“I actually had to smile when I talked with the engineers at Ducati, because some of the wording are exactly the same what I have heard when I came on board at BMW,” the German Gobmeier said in fluent English of turning around a troubled machine. “You hear all the same things; front feeling, edge grip, wheelie, all those type of expressions. Of course, every rider has something to complain and if they stop to complain there is something wrong. I think that’s very natural. The problems of every motorcycle are mostly the same. Of course, companies, they manage to eliminate most of the problems. But you mentioned it quite right, it was a similar situation at BMW and it’s quite interesting that basically everybody has the same kind of problems.”
One thing he was adamant about was that he wasn’t going to abandon the character of the Ducati in favor of a Japanese clone. It would mean completely chucking out everything they’ve done, including the Desmodromic engine, which is the heart of Ducati. But Gobmeier does want the machine to be more rider-friendly and wants to retire the belief that it’s a bike that only Casey Stoner could ride.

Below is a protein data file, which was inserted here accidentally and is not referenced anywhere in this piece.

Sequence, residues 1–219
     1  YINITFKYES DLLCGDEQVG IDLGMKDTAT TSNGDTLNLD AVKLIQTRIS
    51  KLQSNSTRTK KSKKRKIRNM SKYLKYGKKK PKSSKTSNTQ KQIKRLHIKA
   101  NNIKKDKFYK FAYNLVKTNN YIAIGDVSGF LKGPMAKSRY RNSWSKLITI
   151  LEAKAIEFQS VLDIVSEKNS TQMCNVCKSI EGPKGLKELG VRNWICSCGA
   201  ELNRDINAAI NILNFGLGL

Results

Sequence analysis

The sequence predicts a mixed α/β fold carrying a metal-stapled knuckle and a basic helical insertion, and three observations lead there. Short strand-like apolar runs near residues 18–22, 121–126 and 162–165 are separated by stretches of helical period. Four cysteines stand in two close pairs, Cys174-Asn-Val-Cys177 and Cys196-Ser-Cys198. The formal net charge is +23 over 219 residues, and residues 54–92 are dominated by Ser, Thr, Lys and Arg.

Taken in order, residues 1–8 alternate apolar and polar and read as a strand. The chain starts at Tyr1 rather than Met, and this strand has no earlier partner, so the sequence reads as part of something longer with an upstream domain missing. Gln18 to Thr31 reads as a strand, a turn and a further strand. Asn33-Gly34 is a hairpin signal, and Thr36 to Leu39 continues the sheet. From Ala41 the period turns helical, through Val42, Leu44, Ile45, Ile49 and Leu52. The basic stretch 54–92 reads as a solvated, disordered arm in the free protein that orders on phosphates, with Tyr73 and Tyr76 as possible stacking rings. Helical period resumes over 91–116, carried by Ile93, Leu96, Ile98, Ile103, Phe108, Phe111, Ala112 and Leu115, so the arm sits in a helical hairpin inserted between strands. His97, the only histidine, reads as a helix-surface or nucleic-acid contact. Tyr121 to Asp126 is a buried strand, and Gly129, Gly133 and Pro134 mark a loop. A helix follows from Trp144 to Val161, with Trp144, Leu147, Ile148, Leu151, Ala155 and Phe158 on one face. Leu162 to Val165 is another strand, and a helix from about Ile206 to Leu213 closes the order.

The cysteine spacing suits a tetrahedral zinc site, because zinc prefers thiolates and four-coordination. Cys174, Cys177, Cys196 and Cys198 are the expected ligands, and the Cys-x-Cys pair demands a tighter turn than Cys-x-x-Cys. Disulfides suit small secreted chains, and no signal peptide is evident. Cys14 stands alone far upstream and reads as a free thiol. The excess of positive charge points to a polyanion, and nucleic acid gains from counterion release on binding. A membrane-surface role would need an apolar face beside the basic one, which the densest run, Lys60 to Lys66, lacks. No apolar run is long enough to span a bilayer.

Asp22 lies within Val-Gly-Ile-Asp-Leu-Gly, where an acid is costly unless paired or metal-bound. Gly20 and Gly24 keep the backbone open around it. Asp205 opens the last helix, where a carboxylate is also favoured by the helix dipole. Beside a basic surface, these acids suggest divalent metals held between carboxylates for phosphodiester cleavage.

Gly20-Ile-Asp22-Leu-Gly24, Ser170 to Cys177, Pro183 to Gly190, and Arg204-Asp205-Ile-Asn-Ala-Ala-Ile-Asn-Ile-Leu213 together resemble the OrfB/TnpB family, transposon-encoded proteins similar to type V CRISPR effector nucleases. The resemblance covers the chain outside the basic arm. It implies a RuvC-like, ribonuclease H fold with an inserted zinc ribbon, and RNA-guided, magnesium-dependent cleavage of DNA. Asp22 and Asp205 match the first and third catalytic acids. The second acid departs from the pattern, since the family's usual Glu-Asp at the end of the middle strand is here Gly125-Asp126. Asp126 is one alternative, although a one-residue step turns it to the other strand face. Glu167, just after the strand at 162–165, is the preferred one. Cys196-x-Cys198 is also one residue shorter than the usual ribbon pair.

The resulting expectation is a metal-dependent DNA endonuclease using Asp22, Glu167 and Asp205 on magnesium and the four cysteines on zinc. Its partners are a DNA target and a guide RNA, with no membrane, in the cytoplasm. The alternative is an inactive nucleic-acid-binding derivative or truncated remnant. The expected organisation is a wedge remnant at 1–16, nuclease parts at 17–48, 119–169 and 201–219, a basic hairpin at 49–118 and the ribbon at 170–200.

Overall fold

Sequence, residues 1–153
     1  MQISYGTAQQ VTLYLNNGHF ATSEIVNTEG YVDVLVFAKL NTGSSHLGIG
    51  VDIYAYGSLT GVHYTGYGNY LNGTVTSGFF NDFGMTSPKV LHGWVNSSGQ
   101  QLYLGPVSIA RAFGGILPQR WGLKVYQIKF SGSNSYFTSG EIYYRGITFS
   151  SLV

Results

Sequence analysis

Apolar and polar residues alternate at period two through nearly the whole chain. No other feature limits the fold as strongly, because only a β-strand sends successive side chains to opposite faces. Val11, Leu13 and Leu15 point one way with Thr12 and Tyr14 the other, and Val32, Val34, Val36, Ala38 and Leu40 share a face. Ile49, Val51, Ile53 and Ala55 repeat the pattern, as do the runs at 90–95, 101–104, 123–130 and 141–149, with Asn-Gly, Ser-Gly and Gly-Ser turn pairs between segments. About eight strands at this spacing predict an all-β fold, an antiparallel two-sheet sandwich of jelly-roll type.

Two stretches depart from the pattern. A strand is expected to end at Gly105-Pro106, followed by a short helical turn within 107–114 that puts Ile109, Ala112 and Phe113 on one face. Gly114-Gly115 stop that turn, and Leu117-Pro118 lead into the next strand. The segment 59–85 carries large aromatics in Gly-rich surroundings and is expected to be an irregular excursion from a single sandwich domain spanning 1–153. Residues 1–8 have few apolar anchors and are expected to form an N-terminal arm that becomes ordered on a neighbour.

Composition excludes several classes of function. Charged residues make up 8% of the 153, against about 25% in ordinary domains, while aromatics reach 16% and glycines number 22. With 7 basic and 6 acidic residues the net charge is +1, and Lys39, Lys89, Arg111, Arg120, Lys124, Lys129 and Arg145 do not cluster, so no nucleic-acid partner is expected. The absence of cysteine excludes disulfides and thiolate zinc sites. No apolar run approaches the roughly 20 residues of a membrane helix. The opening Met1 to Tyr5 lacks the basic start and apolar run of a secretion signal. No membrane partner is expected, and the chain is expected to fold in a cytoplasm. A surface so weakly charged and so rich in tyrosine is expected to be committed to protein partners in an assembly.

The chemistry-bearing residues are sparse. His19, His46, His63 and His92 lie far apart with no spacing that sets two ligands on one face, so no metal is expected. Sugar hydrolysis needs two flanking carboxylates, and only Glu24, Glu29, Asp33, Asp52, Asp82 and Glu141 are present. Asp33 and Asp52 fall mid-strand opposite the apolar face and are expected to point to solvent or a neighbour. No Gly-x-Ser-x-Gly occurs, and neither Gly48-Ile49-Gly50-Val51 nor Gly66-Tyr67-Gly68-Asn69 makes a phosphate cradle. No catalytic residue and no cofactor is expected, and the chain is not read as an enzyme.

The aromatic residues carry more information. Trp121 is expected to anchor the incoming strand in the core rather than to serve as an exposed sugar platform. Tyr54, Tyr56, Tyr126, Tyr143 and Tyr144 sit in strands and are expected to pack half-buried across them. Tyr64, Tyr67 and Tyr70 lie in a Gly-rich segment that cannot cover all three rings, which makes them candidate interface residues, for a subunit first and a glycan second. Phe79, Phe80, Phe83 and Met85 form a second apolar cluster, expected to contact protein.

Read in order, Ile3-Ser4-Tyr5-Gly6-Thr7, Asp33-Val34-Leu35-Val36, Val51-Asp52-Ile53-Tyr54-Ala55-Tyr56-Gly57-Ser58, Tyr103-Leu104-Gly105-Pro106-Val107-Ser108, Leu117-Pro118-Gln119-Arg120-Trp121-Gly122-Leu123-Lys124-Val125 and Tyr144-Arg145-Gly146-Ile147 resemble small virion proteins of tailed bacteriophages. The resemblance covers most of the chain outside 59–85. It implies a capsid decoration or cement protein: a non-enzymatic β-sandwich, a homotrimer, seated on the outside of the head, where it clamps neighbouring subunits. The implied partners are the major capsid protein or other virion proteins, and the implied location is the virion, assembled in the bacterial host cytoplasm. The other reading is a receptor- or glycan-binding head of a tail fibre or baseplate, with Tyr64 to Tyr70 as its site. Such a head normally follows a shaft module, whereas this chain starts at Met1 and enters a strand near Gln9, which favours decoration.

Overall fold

Andrea Dovizioso certainly agrees. After a year on a satellite Yamaha, Dovi returned to the factory fold knowing that only a works bike can win MotoGP races. In 2012 that bike had to be a Yamaha or Honda; a Ducati hasn’t won a race since 2010, Stoner’s final year on the bike. And it’s a tall order to ask Dovi, Nicky Hayden, Ben Spies or Andrea Iannone to get to the top of the podium. In his meeting with the media a day earlier, Dovizioso saw the Desmosedici revival as a two-year project. Gobmeier agreed.
“It is a long term commitment from Ducati, it’s a long term commitment from our parent company Audi to be in MotoGP, to be in racing,” Gobmeier revealed. “Racing is the DNA of Ducati and therefore we certainly will continue along those ways, and like Andrea mentioned yesterday, of course, this year will be a strong development year, of course, with the goal of achieving results. But certainly we are, of course, aware that to catch up to the four front-runners, to catch up with the established elite of MotoGP racing, it needs a lot of work and a lot of dedication and also some time. Therefore, for sure we need some time.